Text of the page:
- "I caught a tadpole... I'm sure it will grow on me."
The Tadpole is an uncommon "fish" that can be found in the holding pond all day, between the months of March and July. It is one of four fish catchable in the holding pond, alongside Crawfish, Frog, and Killifish. It can be sold for 100 Bells.
Museum[edit | edit source]
An information board in the aquarium will provide information about this fish.
"Tadpoles are nothing more than baby frogs and generally inhabit ponds and streams. Their round heads and quirky style of movement give them a different kind of cuteness from adult frogs. They become more frog-like when they eventually grow legs and start to lose their tails. Unlike fish, though, their skin is very delicate because they do not have scales, so handle carefully."
In real life[edit | edit source]
A tadpole (also known as pollywog or porwigle) is the larval stage in the life of an amphibian, particularly that of a frog or toad. They are usually wholly aquatic, though some spacies have tadpoles that are terrestrial.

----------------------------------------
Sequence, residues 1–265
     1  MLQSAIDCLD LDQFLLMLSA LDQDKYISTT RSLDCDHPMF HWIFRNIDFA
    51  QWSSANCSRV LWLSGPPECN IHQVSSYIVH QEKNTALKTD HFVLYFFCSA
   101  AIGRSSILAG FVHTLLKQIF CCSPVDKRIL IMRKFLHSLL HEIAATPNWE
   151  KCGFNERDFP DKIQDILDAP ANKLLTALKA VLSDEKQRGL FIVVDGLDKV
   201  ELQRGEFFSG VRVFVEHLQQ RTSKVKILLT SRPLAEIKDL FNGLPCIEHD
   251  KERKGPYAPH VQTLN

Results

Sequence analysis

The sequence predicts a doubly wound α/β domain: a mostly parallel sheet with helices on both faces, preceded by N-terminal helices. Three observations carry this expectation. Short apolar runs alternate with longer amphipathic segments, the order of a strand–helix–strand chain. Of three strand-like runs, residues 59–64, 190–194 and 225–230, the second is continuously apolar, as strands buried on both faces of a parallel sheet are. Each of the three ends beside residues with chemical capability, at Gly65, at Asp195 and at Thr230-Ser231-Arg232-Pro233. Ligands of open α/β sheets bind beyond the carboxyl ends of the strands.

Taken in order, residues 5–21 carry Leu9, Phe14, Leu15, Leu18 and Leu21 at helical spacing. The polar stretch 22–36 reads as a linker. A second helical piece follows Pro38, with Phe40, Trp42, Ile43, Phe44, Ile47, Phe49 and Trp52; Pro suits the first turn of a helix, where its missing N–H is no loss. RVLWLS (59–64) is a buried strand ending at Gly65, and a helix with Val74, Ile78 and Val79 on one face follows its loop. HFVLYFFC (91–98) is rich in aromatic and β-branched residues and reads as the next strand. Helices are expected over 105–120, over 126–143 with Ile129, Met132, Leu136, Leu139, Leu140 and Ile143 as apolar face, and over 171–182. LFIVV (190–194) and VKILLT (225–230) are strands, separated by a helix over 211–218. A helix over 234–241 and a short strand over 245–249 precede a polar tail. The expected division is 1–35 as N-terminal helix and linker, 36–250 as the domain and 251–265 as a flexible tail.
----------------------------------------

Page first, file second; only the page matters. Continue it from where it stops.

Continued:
As a tadpole matures, it most commonly metamorphosizes by gradually growing limbs (usually the legs first, followed by the arms) and then (most commonly in the case of frogs) outwardly absorbing its tail by apoptosis. Lungs develop around the time of leg development, and tadpoles late in development will often be found near the surface of the water, where they breathe air. During the final stages of external metamorphosis, the tadpole's mouth changes from a small, enclosed mouth at the front of the head to a large mouth the same width as the head. The intestines shorten to accommodate the new diet. Most tadpoles are herbivorous, subsisting on algae and plants. Some species are omnivorous, eating detritus and when available, smaller tadpoles.